EL PASO – Ramen restaurants are trending in the Sun City, and some are changing the way people see the brothy noodle dish.
When you say ramen, many people think of the dry squiggly pasta that comes in cellophane-wrapped blocks or Styrofoam cups most popular among budget-strapped college student.
Now restaurants, such as Nishi Ramen in Downtown El Paso, Kaedama near the University of Texas at El Paso and, the newest addition, El Cuartito Ramen on the West Side, are serving up their spin on this traditional Japanese fare.
El Cuartito is a small 20-seat restaurant located at TI:ME at Montecillo, in the up-and-coming entertainment district on Mesa Street. Owned by Pan Y Agua Restaurant Group, Octavio Gomez, Nick Salgado and Chef Rudy Valdez, who are behind the successful Crave concepts, Hillside Coffee and Donuts, Malolam, and Independent Burger, decided to give their Mexican flair to their ramen.
“The idea was to give El Paso a take on ramen that they would be familiar and comfortable with,” Valdez says, “this is why we have a ramen bowl with pineapple and pork adobado, it reminds you of the border culture that our food is influenced by.”
The border influence can be found in the menu with items like El Pastor, Chile Verde and Chile Colorado Ramen.
The base broth is loaded with fresh ingredients from bones to onions and is simmered for more than 10 hours.
“Through time, through controlled temperature the flavors develop and create a dense almost chewy broth, it’s super interesting,” Valdez said.
Aside from these specialty foods, El Cuartito offers 20 different mezcals, a liquor made from agave that leaves a smoky aftertaste in your palate. Their mezcal menu offers different drinks that complement the food, such as the “Refreshing Mezcal”, made with Gracias a Dios Mezcal infused with natural fruits.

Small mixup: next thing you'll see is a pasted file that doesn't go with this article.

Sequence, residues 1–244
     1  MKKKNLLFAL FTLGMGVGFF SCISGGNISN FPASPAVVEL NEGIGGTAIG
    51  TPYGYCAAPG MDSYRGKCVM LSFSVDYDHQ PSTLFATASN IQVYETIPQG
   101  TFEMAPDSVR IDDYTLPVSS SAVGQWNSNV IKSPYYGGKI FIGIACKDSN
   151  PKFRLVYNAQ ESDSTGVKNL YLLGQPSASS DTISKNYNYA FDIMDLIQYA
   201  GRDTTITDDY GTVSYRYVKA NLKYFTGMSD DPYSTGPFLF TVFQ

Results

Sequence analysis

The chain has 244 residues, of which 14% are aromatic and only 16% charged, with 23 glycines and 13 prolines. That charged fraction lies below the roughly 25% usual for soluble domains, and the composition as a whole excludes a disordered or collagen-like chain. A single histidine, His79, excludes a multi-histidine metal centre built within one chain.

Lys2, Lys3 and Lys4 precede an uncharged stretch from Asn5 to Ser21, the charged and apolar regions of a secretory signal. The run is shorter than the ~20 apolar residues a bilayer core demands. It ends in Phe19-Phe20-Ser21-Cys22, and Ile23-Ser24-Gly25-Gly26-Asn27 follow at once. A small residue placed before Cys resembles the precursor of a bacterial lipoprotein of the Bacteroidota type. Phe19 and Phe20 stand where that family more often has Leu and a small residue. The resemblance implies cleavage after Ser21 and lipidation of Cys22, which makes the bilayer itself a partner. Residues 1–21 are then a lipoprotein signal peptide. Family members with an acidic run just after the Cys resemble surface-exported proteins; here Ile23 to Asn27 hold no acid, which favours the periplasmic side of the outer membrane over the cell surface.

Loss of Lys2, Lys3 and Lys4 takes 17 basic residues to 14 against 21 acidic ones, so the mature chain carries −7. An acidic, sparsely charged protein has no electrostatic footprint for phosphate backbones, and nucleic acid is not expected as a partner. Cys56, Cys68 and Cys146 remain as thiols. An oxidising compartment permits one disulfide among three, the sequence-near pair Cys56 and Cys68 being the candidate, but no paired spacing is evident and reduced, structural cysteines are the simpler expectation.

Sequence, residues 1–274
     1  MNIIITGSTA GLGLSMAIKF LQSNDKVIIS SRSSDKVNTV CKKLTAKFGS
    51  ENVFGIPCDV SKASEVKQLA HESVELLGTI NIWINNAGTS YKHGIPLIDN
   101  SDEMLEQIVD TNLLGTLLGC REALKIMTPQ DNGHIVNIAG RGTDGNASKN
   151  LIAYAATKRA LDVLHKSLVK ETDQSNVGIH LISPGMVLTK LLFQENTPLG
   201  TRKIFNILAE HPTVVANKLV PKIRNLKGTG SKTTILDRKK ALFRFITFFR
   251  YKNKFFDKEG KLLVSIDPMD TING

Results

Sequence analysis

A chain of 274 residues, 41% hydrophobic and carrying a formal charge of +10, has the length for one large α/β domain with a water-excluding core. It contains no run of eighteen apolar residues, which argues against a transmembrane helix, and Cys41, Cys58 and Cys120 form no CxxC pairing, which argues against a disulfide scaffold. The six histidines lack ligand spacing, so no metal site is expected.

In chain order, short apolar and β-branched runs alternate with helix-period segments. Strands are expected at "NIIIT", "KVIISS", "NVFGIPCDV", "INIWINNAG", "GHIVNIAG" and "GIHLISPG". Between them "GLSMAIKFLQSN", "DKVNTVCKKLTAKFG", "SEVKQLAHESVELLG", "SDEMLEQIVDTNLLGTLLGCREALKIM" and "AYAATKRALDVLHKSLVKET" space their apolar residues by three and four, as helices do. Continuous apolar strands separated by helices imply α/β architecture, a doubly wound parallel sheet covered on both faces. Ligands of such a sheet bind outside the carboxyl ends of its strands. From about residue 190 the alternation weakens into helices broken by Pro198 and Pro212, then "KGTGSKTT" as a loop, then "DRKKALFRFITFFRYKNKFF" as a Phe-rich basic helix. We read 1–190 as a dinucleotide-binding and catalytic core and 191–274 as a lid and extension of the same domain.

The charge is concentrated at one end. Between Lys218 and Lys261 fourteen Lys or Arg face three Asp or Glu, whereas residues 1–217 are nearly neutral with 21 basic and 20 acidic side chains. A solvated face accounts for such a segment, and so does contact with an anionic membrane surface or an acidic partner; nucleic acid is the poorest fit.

Down the road at Kaedama, on Boston Street near the Cincinnati Entertainment District, owners Andres Romero, and Gabriel Valencia have beenchallenging people to try a more traditional take on ramen. Kaedama began as a popular food truck operating on the corner of Rio Grande Street where crowds would rush before they ran out of food. Since opening a brick and mortar location in January, the long lines are still present.
“It’s wonderful broth, ramen noodles, nothing like what you get in the packet, with all the salt and nothing in it, we have awesome ingredients and quality food,” Co-owner Gabe Valencia said.
“We love Kaedama, I love the Spicy Miso, the broth is so good and has so much flavor,” said Liz Garcia, as she was waiting along with eight others for the restaurant to open at noon. Once opened, wait times at the shop can be as long as 40 minutes.
Downtown is home to Nishi Ramen since July 2017, their dishes vary from dim sum, to sushi and ramen. Chef Enrique Lozano’s direction is Mexican, ranging from mole inspired ramen to traditional ramen, with tonkotsu broth.
These new restaurants allow El Pasoans to broaden their horizons and step out of the Mexican restaurants that have long dominated in the Sun City.